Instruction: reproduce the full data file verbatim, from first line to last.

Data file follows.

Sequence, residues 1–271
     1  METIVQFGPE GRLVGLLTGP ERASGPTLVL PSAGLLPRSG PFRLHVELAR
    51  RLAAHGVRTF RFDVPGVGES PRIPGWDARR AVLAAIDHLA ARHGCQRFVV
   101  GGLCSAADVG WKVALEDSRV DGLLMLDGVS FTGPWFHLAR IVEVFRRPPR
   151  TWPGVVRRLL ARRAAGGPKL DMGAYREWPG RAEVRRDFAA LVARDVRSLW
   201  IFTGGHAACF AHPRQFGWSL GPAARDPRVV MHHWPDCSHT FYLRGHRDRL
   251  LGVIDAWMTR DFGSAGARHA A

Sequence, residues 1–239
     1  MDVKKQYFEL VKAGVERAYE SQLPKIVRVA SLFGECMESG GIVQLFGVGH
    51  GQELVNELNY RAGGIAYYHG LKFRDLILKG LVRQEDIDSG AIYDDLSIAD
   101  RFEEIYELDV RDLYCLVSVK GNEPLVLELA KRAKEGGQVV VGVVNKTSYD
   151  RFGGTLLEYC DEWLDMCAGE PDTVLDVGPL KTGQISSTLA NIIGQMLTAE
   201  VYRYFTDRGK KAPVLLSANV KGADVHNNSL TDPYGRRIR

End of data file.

Sequence, residues 1–271
     1  METIVQFGPE GRLVGLLTGP ERASGPTLVL PSAGLLPRSG PFRLHVELAR
    51  RLAAHGVRTF RFDVPGVGES PRIPGWDARR AVLAAIDHLA ARHGCQRFVV
   101  GGLCSAADVG WKVALEDSRV DGLLMLDGVS FTGPWFHLAR IVEVFRRPPR
   151  TWPGVVRRLL ARRAAGGPKL DMGAYREWPG RAEVRRDFAA LVARDVRSLW
   201  IFTGGHAACF AHPRQFGWSL GPAARDPRVV MHHWPDCSHT FYLRGHRDRL
   251  LGVIDAWMTR DFGSAGARHA A

Sequence, residues 1–239
     1  MDVKKQYFEL VKAGVERAYE SQLPKIVRVA SLFGECMESG GIVQLFGVGH
    51  GQELVNELNY RAGGIAYYHG LKFRDLILKG LVRQEDIDSG AIYDDLSIAD
   101  RFEEIYELDV RDLYCLVSVK GNEPLVLELA KRAKEGGQVV VGVVNKTSYD
   151  RFGGTLLEYC DEWLDMCAGE PDTVLDVGPL KTGQISSTLA NIIGQMLTAE
   201  VYRYFTDRGK KAPVLLSANV KGADVHNNSL TDPYGRRIR